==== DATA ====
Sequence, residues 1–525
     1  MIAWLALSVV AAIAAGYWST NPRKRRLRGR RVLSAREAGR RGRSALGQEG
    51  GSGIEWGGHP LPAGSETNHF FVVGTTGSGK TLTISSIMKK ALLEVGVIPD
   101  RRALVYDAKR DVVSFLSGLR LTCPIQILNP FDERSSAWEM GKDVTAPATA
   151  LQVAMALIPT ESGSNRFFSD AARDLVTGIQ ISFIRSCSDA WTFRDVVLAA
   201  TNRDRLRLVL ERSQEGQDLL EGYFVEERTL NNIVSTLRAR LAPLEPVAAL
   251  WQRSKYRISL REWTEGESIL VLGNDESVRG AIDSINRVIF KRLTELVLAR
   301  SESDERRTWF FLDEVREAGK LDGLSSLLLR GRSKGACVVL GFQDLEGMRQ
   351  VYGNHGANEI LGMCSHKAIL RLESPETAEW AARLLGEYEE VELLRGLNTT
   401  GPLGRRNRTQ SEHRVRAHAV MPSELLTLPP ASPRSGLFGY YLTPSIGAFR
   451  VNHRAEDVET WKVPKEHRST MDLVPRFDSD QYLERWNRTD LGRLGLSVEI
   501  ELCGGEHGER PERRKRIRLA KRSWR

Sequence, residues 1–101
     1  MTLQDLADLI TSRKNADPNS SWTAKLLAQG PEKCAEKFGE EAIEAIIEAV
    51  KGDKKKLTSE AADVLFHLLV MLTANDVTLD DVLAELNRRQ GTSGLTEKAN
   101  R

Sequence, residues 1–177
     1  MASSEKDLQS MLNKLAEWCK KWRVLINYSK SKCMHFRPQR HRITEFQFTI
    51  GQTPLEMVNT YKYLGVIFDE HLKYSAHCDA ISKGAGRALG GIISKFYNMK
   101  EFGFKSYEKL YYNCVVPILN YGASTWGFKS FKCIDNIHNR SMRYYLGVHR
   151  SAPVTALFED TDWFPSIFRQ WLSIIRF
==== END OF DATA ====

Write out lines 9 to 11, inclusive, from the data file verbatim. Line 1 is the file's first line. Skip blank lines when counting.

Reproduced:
   351  VYGNHGANEI LGMCSHKAIL RLESPETAEW AARLLGEYEE VELLRGLNTT
   401  GPLGRRNRTQ SEHRVRAHAV MPSELLTLPP ASPRSGLFGY YLTPSIGAFR
   451  VNHRAEDVET WKVPKEHRST MDLVPRFDSD QYLERWNRTD LGRLGLSVEI